Firstly, respiratory clinics should train providers to recognize the heterogeneity in patients’ beliefs, preferences, limits, and needs, and consider these in their communication style and clinical practices [102, 157, 162, 163]. There is evidence that improved provider communication skills and awareness of social determinants of health mitigate impacts of limited HL and cultural mismatch [86, 157, 166]. With appropriate training (in university for future health professionals and through ongoing/continued education for current staff), respiratory health professionals can acquire the skills required to act as change agents [167], by engaging in patient questions, explaining treatment instructions while avoiding medical jargon, and using strategies such as the teach-back method [108, 140, 166]. The focus of a change agent is to improve a patient's capacity and motivation to engage in self-management (one of the foundational components of AD management). Given the impact of social determinants of health [161], this role may extend beyond medical practice to a global assessment and support of financial and social factors impacting adherence, motivation, and treatment response [102, 168]. This approach has been shown to improve self-management and outcomes in this population [3, 88, 89, 92, 145, 154]. However, a sustainable model will require advocacy regarding the importance of non-medical determinants of health in respiratory disease management [169] to ensure that these aspects are included in future curricula and programming, and receive sufficient funding.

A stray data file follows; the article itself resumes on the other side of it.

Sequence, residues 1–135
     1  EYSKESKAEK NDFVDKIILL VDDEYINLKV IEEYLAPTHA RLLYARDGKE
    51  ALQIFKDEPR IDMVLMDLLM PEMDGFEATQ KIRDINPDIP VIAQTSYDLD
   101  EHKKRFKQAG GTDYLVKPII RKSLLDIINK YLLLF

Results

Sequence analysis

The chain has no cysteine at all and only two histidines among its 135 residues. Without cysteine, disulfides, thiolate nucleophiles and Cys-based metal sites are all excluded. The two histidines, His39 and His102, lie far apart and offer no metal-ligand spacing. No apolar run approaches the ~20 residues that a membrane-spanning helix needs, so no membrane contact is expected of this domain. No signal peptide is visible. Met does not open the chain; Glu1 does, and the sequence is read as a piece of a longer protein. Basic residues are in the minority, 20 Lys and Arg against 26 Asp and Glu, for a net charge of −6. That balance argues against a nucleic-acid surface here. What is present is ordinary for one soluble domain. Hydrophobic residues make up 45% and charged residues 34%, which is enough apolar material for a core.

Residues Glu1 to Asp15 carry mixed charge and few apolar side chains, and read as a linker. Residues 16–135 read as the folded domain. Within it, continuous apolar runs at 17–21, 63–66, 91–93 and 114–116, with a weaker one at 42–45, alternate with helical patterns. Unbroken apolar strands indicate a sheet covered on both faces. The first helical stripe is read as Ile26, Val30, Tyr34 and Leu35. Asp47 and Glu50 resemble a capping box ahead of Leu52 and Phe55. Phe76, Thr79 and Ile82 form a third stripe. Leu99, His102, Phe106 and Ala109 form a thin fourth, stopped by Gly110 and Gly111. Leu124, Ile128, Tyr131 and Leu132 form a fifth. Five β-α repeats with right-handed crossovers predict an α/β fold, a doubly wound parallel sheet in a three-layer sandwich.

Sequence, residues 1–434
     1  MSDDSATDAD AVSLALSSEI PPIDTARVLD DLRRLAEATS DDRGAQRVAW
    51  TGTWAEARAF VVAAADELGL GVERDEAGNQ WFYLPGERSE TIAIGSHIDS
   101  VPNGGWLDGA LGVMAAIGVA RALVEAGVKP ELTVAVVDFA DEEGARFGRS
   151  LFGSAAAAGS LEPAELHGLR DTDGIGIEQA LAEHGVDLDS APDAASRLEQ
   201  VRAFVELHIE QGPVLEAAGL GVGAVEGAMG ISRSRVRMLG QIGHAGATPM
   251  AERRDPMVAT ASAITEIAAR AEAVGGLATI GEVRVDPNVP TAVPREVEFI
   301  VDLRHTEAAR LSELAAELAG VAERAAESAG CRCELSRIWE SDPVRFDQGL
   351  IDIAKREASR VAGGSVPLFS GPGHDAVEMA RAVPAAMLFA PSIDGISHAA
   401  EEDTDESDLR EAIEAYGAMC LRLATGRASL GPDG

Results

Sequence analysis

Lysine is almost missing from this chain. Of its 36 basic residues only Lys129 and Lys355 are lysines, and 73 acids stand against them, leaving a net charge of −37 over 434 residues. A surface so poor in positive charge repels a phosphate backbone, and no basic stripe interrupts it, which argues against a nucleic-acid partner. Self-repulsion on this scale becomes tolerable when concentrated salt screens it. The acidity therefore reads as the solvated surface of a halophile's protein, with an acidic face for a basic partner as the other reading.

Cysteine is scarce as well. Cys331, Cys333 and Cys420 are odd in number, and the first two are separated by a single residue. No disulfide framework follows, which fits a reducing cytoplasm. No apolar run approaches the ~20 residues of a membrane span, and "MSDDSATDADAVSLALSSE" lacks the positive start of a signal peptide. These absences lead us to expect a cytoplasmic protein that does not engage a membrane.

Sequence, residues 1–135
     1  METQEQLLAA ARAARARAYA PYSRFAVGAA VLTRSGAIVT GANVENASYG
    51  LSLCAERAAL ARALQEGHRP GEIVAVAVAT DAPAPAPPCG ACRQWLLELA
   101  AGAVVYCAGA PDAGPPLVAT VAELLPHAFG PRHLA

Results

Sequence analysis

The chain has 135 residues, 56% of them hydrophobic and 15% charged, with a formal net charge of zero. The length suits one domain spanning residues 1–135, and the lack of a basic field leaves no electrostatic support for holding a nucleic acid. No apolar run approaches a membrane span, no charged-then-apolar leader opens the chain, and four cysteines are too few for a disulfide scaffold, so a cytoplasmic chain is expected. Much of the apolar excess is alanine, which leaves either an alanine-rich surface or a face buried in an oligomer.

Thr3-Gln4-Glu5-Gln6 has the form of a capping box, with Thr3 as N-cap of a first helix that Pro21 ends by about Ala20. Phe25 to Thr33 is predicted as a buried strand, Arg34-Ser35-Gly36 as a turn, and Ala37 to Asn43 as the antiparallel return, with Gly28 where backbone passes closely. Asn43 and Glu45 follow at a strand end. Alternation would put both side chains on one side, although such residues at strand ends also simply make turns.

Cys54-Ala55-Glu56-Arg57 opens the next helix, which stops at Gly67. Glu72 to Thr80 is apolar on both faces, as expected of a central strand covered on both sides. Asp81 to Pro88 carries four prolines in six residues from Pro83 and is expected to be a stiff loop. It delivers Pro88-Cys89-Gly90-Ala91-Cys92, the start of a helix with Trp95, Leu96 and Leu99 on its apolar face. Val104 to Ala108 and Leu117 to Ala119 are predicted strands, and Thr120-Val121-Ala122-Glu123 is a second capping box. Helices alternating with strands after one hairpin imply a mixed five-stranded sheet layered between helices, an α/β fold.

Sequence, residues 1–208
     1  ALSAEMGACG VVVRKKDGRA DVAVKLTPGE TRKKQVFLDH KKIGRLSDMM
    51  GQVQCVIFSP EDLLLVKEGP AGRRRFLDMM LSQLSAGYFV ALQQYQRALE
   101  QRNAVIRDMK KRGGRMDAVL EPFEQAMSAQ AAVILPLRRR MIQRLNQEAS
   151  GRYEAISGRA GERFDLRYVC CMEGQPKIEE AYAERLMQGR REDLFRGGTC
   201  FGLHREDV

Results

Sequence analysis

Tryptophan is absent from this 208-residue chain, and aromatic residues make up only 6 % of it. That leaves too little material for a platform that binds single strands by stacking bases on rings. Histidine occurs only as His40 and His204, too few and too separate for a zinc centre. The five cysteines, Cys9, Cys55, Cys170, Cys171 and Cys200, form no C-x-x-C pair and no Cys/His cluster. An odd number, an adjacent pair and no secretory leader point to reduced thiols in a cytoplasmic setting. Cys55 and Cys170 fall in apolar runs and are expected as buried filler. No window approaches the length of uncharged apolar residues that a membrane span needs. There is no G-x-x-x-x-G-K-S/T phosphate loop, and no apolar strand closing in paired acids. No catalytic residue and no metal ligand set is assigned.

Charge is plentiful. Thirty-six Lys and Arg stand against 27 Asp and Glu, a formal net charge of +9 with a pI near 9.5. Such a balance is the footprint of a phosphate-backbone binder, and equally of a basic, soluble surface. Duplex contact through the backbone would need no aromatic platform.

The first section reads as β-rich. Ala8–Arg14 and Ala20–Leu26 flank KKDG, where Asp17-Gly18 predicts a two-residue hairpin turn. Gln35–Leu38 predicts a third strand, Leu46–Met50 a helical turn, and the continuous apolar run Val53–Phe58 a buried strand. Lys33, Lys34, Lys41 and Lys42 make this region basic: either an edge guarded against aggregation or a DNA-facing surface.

Secondly, to address disparate and inequitable access to health information and services, respiratory care providers must espouse emerging technology, in the form of virtual communication and care strategies. The goal is to overcome care access barriers related specifically to patients living in remote or rural areas and/or having difficulties securing time away from work for appointments during normal office hours [121, 164, 170,171,172,173]. With technological advancements as well as increased provider and patient acceptance of and access to remote communication models driven by the COVID-19 pandemic [174, 175] (even among lower socioeconomic class groups), telehealth can now be used to address essential healthcare services across patient populations [173]. It can also facilitate health education for patients and communication between primary care physicians and specialists [176, 177]. Although telehealth-based interventions improved knowledge [176], emotional and mental health [173], quality of life [172], medication adherence [178], hospitalization and emergency department (ED) visits [179], and self-monitoring [176, 178] across chronic diseases, there are no high-quality studies evaluating this in AD [177]. Ideas such as an electronically accessible action plan with weekly text message reminders to assess one’s asthma control [165], and virtual pulmonary rehabilitation (PR) (telerehab) [172, 180] hold promise [181]. For example, a telerehab program can provide educational materials online, with the patient attending practical sessions (e.g., exercise, breathing/cough control training) via interactive video conferencing [180, 181]. Such a program was shown to improve exercise capacity, health related quality of life, and psychological status [180, 181]. This approach also enables access for those living in remote locations and whose physical limitations and/or capacity to secure transit impairs in-person attendance [180]. In fact, virtual care is often favored by patients and providers alike due to convenience and flexibility [174].